Cuevas-Wolf and Poggi’s book is divided into seven chapters that follow a rough chronological timeline. The volume is also richly illustrated throughout, highlighting art and donated cultural artifacts from the Gerry Research Institute, the Wende Museum of the Cold War, and public and private archives in Budapest. Opening the collection is Steven Mansbach’s essay “A Tempest of Creativity: An Introduction to Hungarian Art and Politics,” arguably one of the most comprehensive, yet incredibly concise and accessible, overviews of Hungarian cultural history in English. Importantly, Mansbach traces the historical roots of a particular celebration of Hungarian national “distinctiveness” and shows how it would lead to the interconnections between modernist art and politics that came to defy easy categorization throughout the twentieth century.

The next three essays provide case studies offering closer examinations of key historical turning points tied to cultural developments in Cold War Hungary. Poggi’s “The Art of Fabricating Realities and Forgetting History” examines the Hungarian Uprising of 1956 and looks at a range of media forms, from photography and posters, to film, underground literature, and multimedia installation to unpack the effects of forced amnesia around the revolution. This is followed by Cuevas-Wolf’s aforementioned examination of the Kádár regime’s 3Ts policy that reveals how an emerging generation of artists and cultural producers would respond to the gradual opening of the public sphere in Hungary through the promotion of a new “consumer Socialism” by the late 1960s (p. 40). Dávid Fehér extends and further focuses aspects of this analysis in his essay “Relations and Reality: Avant-Garde Artists and Applied Arts beyond the 3Ts” by introducing specific Hungarian avant-garde artists and their practices, examining how they reconciled the dual life of a wage-earning state artist aware and responsive to developments in modern art movements (such as pop, minimalism, and conceptualism) of the 1960-70s.

The final three essays of the collection shift their focus more toward the everyday and personal narratives of Cold War Hungary. Valuch begins by examining the public and private built spaces of Hungary’s urban and rural communities, showing how modernist architecture, housing developments, furniture, and even car design worked to uphold goals of socialist unification. At the same time, Valuch complicates his analysis by arguing how the “general shift towards a lifestyle centered around the private sphere” was deeply connected to “the desire to identify with Western European consumerism” (p. 78). Katalin Cseh-Varga moves further into discussions of the private and ephemeral in her essay “Documentary Traces of Hungarian Event-Based Art,” where she works to reveal the integration of document and event in the subversive art practices she uncovered while researching Hungarian performance artists. Rounding out the collection is Géza Perneczky’s essay “In the Underground between East and West”—a compelling first person account of Perneczky’s time as an artist and art critic living in Hungary before moving to Germany in his late thirties. This final important essay crystallizes the lived experience of an artist working between distinct cultural and political paradigms and is a must-read for any art historian.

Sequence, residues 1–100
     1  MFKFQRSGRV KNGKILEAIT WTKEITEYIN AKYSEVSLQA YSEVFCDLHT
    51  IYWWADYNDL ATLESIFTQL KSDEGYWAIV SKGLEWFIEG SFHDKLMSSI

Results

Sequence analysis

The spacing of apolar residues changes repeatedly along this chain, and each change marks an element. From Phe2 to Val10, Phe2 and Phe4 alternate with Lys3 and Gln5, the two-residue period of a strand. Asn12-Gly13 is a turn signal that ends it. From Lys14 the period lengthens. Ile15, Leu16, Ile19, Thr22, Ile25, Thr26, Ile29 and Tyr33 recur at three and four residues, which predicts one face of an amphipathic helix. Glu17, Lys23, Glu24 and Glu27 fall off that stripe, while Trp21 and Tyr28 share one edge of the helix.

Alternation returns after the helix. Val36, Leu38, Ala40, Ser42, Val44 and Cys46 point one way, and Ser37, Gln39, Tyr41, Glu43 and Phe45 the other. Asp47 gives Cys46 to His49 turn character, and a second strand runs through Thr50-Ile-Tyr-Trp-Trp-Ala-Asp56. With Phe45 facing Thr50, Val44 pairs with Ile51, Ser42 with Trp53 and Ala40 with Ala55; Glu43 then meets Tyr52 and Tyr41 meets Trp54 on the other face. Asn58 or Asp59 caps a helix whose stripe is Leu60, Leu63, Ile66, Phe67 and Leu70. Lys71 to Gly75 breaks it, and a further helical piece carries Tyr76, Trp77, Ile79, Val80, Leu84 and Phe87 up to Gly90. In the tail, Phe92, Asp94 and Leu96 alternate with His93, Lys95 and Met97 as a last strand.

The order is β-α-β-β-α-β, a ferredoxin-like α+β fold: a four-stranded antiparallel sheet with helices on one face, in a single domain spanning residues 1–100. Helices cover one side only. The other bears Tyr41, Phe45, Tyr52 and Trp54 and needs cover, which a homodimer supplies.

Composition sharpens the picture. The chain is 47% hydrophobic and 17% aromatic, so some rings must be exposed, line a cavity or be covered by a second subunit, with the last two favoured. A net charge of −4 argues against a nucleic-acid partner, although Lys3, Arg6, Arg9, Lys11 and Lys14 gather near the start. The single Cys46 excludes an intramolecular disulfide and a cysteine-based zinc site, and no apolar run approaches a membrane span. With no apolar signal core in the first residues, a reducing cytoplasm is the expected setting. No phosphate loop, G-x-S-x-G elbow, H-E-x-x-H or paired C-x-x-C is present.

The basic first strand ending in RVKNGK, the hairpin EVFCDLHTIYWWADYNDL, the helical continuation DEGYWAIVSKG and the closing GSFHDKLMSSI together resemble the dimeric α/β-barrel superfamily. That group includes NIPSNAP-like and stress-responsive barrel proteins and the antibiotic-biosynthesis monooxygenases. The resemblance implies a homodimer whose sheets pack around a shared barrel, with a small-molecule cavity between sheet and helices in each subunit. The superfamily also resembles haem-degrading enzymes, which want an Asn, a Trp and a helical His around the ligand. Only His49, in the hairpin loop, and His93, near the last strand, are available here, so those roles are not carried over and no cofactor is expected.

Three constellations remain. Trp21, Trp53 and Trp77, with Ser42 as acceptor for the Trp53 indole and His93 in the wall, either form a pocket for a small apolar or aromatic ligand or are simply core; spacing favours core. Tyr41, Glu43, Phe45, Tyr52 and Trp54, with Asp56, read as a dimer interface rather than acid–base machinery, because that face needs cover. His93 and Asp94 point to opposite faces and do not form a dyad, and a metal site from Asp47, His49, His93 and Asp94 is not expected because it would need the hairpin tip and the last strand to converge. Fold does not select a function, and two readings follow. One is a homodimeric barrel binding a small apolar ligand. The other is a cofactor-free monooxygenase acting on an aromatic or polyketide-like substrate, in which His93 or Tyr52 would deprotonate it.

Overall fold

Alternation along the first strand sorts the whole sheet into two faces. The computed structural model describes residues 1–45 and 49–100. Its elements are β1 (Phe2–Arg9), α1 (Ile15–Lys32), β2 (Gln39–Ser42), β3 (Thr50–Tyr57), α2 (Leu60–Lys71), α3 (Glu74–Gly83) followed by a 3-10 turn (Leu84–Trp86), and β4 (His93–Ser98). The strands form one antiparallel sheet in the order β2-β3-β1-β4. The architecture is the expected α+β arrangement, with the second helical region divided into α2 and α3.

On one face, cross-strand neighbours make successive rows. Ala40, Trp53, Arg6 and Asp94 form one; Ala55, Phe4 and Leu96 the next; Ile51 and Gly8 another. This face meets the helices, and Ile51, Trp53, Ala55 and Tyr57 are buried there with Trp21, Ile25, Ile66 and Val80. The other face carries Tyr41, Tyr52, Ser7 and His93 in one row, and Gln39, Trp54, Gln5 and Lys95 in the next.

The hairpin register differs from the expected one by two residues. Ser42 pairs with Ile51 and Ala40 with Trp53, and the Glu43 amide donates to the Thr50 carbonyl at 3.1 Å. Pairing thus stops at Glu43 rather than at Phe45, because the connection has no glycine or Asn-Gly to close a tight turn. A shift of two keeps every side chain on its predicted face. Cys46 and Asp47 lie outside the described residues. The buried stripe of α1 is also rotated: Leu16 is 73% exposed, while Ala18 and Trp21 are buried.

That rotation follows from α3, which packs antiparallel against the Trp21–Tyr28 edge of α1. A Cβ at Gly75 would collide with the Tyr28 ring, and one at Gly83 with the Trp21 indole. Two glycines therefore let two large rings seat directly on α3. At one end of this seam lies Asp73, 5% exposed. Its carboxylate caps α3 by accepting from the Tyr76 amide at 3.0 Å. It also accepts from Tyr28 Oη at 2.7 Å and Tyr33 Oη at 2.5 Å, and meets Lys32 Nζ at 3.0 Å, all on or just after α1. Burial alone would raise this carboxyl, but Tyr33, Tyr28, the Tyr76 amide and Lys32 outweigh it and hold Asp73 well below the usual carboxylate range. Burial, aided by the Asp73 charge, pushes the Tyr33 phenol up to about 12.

While the collection’s core arguments and overall methodology provide a much-needed contribution to this under-examined moment in the art and cultural history of East Central Europe, it is a volume not without shortcomings. As a collection, the voices are understandably varied and are drawn from art historians, historians, artists, and curators working inside and outside Hungary. But the volume itself is slim and lacks the kind of cohesiveness in purpose, or establishment of clear stakes (Mansbach’s essay notwithstanding), that one might expect from such a focused and political topic. This suggests work left to be done in formulating a more robust theory of the “messy” modernism that emerged on the ground in Central and Eastern Europe. In particular, theories concerning the nature of the “avant-garde” deserve further consideration and reflection by the authors. This is especially so as calls to broaden and complicate Peter Bürger’s highly influential Theory of the Avant-Garde (1984) have been raised in recent years by scholars researching and offering new understandings about the art and cultural history of Eastern bloc countries.[2]